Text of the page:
Mohit Dubey's Senior Recital
Mohit Dubey gave his final recital at Oberlin last night. A double major (Physics), he came back for a ninth semester to wrap up all his projects here, and graduates this month. He played a wide range of challenging and varied pieces, and through the use of video and surprise collaborations, created an event to remember. He was a dedicated performer from the time he first enrolled, always making and seizing collaborative opportunities, and in doing so, creating a large cadre of friends and colleagues who have enjoyed working with him and who have heard him in various other settings. This semester alone, in addition to preparing his final solo recital and playing a big piece in Guitar Ensemble, Mohit learned the Concerto d’Aranjuez, accompanied the flamenco dance class, played in CME (Contemporary Music Ensemble) and in PI (Performance and Improvisation), and took lessons on the West African kora. In the background, he was editing and mastering the guitar duo CD he recorded with recent grad, Brian King; and applying for follow-up programs and new ventures. (He will spend half a year in Alicante, Spain, in the “Master Guitar Alicante” program, taking lessons with M. Barrueco, D. Russell, R Gallèn, the Assads, J. Savall, I. Rodes, P. Romero, P. Galbraith and others). So, it was no surprise that he drew a large crowd. In fact, Kulas Hall has seldom been that packed for a guitar recital: nearly every seat was taken. By the program’s end, the wildly enthusiastic crowd gave a heartfelt standing ovation, capping a brilliant undergraduate career here.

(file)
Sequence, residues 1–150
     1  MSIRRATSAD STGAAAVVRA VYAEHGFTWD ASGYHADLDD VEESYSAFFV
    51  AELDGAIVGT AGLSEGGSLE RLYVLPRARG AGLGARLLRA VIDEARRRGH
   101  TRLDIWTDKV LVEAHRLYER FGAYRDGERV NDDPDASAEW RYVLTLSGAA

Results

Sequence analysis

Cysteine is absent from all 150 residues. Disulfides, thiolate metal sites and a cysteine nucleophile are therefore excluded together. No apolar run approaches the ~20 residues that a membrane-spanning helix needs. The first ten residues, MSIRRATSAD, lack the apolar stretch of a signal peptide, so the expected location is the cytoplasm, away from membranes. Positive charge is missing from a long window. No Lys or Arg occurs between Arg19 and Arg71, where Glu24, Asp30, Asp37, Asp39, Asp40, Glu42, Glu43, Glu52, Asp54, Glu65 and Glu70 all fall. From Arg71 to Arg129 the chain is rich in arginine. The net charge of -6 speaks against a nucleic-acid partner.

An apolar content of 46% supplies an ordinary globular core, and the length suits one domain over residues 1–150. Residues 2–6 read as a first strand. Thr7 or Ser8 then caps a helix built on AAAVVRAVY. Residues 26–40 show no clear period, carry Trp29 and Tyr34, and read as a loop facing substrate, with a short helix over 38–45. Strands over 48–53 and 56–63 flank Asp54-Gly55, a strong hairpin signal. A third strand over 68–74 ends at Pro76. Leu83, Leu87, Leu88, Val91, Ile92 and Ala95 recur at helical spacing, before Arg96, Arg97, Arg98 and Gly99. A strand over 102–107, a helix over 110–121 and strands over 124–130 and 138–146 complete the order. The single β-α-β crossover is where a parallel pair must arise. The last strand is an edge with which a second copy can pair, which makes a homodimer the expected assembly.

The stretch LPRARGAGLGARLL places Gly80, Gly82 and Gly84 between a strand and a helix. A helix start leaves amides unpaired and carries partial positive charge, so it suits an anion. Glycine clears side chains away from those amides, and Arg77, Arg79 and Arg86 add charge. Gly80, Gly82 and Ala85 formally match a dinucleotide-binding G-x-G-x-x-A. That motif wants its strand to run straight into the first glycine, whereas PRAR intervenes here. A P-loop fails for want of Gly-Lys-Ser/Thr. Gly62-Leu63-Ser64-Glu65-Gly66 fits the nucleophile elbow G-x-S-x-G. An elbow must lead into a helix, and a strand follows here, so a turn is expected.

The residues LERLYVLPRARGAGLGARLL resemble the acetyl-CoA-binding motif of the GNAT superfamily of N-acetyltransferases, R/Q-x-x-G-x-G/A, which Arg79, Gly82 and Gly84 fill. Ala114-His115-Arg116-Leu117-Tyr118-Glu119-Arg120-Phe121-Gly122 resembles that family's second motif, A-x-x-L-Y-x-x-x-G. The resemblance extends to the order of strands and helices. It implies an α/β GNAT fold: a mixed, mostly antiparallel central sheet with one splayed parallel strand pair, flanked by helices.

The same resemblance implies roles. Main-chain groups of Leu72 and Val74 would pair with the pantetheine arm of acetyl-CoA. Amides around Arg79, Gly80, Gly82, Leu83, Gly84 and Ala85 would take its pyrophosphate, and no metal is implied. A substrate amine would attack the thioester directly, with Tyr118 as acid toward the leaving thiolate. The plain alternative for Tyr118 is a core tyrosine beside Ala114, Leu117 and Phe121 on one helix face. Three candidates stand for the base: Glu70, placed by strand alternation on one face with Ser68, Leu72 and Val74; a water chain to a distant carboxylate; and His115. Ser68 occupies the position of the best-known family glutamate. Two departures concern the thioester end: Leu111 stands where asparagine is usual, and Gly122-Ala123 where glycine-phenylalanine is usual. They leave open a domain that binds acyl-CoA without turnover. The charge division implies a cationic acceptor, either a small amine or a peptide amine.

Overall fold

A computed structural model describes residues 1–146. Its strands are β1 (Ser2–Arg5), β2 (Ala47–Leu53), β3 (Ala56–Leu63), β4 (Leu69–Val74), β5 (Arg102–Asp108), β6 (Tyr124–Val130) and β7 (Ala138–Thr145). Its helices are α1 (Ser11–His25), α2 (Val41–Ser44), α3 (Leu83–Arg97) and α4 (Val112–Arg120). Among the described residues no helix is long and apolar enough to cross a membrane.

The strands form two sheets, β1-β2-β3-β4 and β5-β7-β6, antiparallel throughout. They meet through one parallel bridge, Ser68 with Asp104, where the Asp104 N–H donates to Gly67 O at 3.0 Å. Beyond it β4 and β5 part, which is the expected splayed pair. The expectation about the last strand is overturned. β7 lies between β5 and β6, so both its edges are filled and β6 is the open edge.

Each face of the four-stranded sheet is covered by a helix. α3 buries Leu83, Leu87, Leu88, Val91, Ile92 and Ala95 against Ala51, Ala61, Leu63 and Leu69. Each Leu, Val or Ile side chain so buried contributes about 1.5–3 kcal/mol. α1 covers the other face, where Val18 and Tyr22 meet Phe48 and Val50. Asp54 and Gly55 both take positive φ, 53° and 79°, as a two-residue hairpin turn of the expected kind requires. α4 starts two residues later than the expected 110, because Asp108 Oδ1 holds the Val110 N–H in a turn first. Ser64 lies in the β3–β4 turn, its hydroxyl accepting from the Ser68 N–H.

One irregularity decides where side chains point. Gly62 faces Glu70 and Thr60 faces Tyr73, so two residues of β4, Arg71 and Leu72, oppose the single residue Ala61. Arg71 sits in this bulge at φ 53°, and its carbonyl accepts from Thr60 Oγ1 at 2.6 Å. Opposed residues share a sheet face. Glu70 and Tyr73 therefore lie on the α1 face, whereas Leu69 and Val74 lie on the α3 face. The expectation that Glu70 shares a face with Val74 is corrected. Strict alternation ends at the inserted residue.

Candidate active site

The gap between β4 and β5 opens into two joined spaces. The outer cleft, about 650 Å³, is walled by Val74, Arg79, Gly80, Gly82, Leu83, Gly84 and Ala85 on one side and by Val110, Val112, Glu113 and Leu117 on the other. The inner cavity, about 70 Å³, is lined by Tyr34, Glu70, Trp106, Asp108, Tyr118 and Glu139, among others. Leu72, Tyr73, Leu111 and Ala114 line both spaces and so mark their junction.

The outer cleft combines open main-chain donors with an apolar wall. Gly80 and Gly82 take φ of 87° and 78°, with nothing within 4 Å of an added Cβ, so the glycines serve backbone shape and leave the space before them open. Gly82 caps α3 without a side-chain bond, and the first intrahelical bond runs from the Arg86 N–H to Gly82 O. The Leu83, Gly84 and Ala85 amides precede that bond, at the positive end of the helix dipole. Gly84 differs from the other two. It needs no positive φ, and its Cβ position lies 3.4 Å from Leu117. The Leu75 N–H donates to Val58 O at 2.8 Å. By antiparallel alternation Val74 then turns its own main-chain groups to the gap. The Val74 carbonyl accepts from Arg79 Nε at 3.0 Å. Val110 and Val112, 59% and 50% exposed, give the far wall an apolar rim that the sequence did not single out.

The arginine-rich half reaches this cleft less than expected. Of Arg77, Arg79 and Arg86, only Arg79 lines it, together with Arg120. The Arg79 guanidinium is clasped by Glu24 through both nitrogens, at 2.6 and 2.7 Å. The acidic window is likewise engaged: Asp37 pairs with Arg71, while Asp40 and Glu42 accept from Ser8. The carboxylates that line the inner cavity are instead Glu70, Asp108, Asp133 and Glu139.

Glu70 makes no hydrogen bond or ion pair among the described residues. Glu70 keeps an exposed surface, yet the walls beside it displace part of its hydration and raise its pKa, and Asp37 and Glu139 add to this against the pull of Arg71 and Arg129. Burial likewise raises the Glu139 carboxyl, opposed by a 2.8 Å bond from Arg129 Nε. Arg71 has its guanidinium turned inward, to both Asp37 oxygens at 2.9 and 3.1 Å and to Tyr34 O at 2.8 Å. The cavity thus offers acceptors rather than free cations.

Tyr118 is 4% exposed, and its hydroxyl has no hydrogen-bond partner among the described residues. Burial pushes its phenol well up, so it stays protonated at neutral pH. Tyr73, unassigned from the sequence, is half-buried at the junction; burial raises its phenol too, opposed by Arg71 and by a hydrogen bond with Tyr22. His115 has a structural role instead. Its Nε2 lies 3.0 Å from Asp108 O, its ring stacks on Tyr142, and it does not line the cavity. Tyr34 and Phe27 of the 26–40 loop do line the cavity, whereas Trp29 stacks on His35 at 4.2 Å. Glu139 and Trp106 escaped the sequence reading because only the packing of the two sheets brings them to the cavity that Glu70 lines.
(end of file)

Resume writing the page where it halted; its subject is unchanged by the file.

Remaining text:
Mohit’s program was both typical and unusual. He played works of Bach, Giuliani and Rodrigo. He gave the premiere of a new work written for him by a fellow student (Liam Kaplan). And he played a seldom-programmed large work by Andrew York, based on mathematical concepts and equations, accompanied by animations created especially for the concert, vividly harnessing his dual interests in music and physics. afterwards, he treated us to an encore played on the West African kora, a multi-stringed instrument unique to that region, in collaboration with classmate and cellist, Raffi Boden, and while playing, sang an African song to close the program. It was beautiful and touching.
Bravo and congratulations, Mohit. We look forward to seeing what the future brings!
Following are images from the evening; the program is at the end of the post.